I think Śaṅkara and Augustine might help us think through it. Śaṅkara thinks that everything is the one truth, and perceived differences are simply illusion, the result of ignorance. So one of the first questions one would ask in response is: where did the ignorance come from? When did it begin? And Śaṅkara’s brilliant response is that time itself is part of the illusion. So the question of a beginning is meaningless. Likewise Augustine responds to the question “What was God doing before He made heaven and earth?” by saying there was no time before the creation of heaven and earth, because that creation was also the creation of time itself.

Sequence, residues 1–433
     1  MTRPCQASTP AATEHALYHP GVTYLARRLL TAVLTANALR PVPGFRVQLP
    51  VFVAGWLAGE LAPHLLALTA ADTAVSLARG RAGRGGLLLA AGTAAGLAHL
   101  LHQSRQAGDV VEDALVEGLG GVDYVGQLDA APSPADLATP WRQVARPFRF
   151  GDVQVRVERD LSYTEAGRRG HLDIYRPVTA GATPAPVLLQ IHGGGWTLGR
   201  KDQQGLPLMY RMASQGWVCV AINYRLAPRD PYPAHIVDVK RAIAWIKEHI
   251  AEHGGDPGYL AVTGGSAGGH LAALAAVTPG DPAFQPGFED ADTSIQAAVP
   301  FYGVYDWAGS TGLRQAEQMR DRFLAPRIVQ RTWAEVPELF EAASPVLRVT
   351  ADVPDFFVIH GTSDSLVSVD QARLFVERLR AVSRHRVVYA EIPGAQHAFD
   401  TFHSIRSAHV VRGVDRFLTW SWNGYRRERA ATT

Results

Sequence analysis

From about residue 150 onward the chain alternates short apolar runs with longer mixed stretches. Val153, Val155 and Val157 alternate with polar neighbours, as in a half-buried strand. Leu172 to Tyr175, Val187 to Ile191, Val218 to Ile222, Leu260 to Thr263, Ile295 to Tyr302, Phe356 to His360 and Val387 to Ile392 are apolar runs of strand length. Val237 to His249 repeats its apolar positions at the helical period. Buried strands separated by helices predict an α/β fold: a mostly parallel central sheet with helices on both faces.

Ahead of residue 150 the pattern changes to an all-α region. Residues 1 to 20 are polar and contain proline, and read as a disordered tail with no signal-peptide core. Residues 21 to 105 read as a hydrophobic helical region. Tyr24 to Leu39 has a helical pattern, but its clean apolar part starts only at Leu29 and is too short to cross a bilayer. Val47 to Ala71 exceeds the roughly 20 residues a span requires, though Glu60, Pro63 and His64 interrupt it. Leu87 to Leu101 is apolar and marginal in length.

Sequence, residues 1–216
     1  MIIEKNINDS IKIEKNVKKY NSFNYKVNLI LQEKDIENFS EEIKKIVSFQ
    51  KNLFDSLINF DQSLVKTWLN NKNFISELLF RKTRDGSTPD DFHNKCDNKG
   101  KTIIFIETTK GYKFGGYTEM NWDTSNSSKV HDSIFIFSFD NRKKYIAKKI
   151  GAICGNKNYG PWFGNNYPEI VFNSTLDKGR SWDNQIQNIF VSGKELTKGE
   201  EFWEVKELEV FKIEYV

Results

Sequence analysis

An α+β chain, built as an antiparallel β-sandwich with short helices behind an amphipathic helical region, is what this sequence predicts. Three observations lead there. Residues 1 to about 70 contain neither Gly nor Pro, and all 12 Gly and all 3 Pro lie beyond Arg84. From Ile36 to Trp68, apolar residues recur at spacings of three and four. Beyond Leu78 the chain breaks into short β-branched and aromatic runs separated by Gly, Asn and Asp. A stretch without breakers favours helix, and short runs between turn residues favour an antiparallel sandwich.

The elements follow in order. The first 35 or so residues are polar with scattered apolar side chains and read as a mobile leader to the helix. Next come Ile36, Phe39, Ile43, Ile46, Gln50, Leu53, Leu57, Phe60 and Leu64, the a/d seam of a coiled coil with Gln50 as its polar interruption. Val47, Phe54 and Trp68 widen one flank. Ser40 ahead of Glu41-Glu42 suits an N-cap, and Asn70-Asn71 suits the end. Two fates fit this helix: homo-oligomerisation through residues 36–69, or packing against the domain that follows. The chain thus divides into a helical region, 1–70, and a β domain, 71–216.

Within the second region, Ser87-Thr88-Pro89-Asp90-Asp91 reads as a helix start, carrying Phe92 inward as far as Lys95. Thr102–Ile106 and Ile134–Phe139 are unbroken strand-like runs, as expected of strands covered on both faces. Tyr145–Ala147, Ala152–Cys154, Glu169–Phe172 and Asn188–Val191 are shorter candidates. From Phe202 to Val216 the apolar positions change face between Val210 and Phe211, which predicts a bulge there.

To be clear, I don’t agree with Śaṅkara’s or Augustine’s worldviews in general. But I do think that something like their views makes for a helpful response to the Meillassoux critique. That is, the status of time itself needs to be treated as one of the points in question. We can say that there was a time when we subjects were not, but our ability to say that, to know it, to have it make any sense, to have our statement be true, itself depends on subjectivity. Time itself, and therefore ancestrality, requires subjectivity in order to be thinkable. It can’t be known, or talked about, or made sense of, without that subjectivity.
Still, I accept both Meillassoux’s point that the cosmos exists before and after subjects, and Nishida’s point that subjectivity is necessary. If I’m right about both, where does this leave us?